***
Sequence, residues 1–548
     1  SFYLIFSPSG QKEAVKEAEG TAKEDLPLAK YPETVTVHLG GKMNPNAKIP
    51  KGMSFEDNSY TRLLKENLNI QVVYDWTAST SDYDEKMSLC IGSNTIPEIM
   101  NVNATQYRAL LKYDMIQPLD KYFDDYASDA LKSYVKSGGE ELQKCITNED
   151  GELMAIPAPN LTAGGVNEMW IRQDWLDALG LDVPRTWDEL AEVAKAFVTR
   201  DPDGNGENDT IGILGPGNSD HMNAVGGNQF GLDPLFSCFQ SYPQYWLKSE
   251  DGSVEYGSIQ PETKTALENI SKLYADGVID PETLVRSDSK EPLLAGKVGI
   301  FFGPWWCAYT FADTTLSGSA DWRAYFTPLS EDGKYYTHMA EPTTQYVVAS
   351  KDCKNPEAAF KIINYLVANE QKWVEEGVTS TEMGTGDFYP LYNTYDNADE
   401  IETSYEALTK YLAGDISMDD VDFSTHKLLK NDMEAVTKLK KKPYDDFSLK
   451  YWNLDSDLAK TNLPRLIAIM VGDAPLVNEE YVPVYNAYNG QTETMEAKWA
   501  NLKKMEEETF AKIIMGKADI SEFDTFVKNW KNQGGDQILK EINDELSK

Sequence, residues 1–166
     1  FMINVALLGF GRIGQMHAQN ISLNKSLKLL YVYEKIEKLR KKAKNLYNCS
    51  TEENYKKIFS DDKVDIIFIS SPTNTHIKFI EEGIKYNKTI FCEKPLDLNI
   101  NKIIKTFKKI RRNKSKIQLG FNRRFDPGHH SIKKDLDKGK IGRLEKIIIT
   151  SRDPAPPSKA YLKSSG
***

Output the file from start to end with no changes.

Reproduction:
Sequence, residues 1–548
     1  SFYLIFSPSG QKEAVKEAEG TAKEDLPLAK YPETVTVHLG GKMNPNAKIP
    51  KGMSFEDNSY TRLLKENLNI QVVYDWTAST SDYDEKMSLC IGSNTIPEIM
   101  NVNATQYRAL LKYDMIQPLD KYFDDYASDA LKSYVKSGGE ELQKCITNED
   151  GELMAIPAPN LTAGGVNEMW IRQDWLDALG LDVPRTWDEL AEVAKAFVTR
   201  DPDGNGENDT IGILGPGNSD HMNAVGGNQF GLDPLFSCFQ SYPQYWLKSE
   251  DGSVEYGSIQ PETKTALENI SKLYADGVID PETLVRSDSK EPLLAGKVGI
   301  FFGPWWCAYT FADTTLSGSA DWRAYFTPLS EDGKYYTHMA EPTTQYVVAS
   351  KDCKNPEAAF KIINYLVANE QKWVEEGVTS TEMGTGDFYP LYNTYDNADE
   401  IETSYEALTK YLAGDISMDD VDFSTHKLLK NDMEAVTKLK KKPYDDFSLK
   451  YWNLDSDLAK TNLPRLIAIM VGDAPLVNEE YVPVYNAYNG QTETMEAKWA
   501  NLKKMEEETF AKIIMGKADI SEFDTFVKNW KNQGGDQILK EINDELSK

Sequence, residues 1–166
     1  FMINVALLGF GRIGQMHAQN ISLNKSLKLL YVYEKIEKLR KKAKNLYNCS
    51  TEENYKKIFS DDKVDIIFIS SPTNTHIKFI EEGIKYNKTI FCEKPLDLNI
   101  NKIIKTFKKI RRNKSKIQLG FNRRFDPGHH SIKKDLDKGK IGRLEKIIIT
   151  SRDPAPPSKA YLKSSG